The Bowling Green Daily News on displaying “In God We Trust” at Kentucky schools:
Our national motto, “In God We Trust,” is something that we should be proud of and not be ashamed to display.
It appears on our currency, on license plates in Kentucky, on two state flags, in courthouses, in the legislative chambers in Frankfort and in the congressional chambers in our nation’s capital.
We have no problem with this being displayed on our currency, on cars, courthouses or in state and federal buildings. Buildings that display “In God We Trust” are simply displaying a phrase whose official use dates to the 1800s and was adopted as the national motto in 1956. Supporters of displaying the motto are not trying to ram religion down people’s throats, as some groups like the American Civil Liberties Union and others would have you believe.
We are very proud that the Kentucky legislature and the majority of our area legislators voted this past session to require that all public schools display the national motto in prominent places before classes begin — except state Rep. Patti Minter, D-Bowling Green, who voted against the bill. According to House Bill 46, which was introduced early this year and signed into law by Gov. Matt Bevin in March, local school boards shall require elementary and secondary schools to display the motto “in a prominent location in the school.”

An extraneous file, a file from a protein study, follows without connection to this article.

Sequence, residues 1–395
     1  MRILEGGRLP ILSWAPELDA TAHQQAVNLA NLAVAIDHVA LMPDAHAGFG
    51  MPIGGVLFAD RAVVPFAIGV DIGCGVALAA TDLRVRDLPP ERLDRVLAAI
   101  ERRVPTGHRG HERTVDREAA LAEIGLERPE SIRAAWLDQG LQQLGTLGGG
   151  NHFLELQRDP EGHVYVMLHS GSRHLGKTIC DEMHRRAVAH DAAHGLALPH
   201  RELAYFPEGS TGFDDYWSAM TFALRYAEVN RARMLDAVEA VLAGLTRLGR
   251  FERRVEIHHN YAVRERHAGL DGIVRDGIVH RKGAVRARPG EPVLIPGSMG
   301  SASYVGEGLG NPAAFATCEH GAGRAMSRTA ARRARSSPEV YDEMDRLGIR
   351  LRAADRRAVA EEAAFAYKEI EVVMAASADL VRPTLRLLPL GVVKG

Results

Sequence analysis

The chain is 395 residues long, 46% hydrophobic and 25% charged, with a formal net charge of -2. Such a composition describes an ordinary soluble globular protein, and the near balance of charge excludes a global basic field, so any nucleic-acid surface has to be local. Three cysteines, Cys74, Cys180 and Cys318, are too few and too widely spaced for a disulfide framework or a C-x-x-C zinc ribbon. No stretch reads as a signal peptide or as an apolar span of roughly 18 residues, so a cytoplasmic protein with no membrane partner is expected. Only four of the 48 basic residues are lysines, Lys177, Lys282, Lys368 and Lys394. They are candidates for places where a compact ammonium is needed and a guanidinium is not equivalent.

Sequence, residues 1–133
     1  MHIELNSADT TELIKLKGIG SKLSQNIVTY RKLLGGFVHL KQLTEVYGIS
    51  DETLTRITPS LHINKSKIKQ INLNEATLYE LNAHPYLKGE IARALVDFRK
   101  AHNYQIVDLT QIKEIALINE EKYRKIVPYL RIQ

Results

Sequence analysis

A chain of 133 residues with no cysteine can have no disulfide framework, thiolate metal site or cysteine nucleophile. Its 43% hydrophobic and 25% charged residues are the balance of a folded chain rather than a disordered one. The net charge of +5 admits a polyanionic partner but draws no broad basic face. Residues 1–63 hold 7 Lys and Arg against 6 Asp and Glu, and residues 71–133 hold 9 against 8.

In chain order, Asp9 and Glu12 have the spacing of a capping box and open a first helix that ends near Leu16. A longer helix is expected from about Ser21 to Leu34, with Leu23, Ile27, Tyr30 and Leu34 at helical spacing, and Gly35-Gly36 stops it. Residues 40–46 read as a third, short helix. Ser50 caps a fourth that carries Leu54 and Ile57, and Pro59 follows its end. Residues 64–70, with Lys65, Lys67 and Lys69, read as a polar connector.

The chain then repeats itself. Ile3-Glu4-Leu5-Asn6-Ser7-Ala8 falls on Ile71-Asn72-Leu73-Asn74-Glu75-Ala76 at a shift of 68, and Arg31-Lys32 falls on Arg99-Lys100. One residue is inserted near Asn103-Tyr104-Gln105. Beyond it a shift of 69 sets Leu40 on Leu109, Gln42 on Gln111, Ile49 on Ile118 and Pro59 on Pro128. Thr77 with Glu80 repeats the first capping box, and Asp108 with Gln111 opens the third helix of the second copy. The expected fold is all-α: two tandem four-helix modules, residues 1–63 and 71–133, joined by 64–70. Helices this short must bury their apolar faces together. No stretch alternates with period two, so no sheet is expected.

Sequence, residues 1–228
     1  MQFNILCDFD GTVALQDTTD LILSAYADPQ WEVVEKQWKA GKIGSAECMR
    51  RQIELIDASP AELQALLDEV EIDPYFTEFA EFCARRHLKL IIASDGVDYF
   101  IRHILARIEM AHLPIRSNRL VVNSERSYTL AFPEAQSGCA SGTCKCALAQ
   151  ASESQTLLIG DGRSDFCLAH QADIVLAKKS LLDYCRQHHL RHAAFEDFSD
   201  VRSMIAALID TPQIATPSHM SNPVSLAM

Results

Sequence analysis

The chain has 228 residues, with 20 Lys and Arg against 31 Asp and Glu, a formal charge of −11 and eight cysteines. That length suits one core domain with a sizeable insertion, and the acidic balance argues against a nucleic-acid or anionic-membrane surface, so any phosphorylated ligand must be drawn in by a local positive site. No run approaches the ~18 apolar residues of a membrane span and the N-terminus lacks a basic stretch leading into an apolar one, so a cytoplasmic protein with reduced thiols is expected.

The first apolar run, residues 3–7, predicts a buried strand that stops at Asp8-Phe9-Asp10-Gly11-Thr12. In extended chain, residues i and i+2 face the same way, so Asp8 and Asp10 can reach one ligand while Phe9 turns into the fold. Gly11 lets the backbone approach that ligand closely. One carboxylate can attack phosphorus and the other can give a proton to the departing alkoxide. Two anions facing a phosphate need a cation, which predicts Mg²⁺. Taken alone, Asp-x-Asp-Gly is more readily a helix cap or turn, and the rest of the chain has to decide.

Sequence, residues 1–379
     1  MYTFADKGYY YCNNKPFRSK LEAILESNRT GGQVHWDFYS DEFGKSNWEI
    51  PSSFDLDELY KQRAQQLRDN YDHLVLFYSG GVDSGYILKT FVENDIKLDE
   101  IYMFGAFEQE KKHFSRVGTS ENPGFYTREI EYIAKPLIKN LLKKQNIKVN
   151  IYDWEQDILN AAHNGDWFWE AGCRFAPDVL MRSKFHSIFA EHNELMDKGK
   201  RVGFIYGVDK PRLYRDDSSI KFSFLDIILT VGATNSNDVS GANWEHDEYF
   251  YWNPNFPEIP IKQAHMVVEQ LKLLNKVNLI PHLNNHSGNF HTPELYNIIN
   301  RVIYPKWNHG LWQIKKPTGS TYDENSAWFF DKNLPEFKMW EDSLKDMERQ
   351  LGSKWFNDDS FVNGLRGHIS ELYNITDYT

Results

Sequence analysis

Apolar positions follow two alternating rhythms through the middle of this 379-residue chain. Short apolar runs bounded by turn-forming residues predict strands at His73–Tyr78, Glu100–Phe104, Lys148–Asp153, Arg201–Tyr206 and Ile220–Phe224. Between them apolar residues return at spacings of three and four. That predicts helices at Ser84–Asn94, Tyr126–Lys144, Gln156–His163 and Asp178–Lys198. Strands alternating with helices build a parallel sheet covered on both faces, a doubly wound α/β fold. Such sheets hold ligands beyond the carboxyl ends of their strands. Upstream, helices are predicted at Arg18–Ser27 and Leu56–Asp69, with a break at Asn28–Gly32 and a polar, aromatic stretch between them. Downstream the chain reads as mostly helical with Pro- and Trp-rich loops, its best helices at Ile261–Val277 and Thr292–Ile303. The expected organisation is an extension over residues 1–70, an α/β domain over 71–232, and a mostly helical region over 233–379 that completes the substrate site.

The display can take the form of, but isn’t limited to, a mounted plaque or student artwork, for example. The “prominent location,” as defined by the legislation, refers to a school entryway, cafeteria or common area “where students are likely to see the national motto.”
We’re glad that kids will who will be starting school ... will actually be able to walk under or near where our national motto will be posted. Both city and county schools have been preparing to get the signs and have said that they will have them posted by the start of school.
Kentucky isn’t the only state to have passed such a law. At least a half-dozen states passed “In God We Trust” bills last year, and 10 more have introduced or passed the legislation so far in 2019.
Critics have argued the measures violate the First Amendment.
We couldn’t disagree more. The state legislature passed this bill not only because it is our national motto, but also because it in fact does represent free speech. Placing “In God We Trust” in our state’s public schools is a form of free speech and not an endorsement of a religion, plain and simple.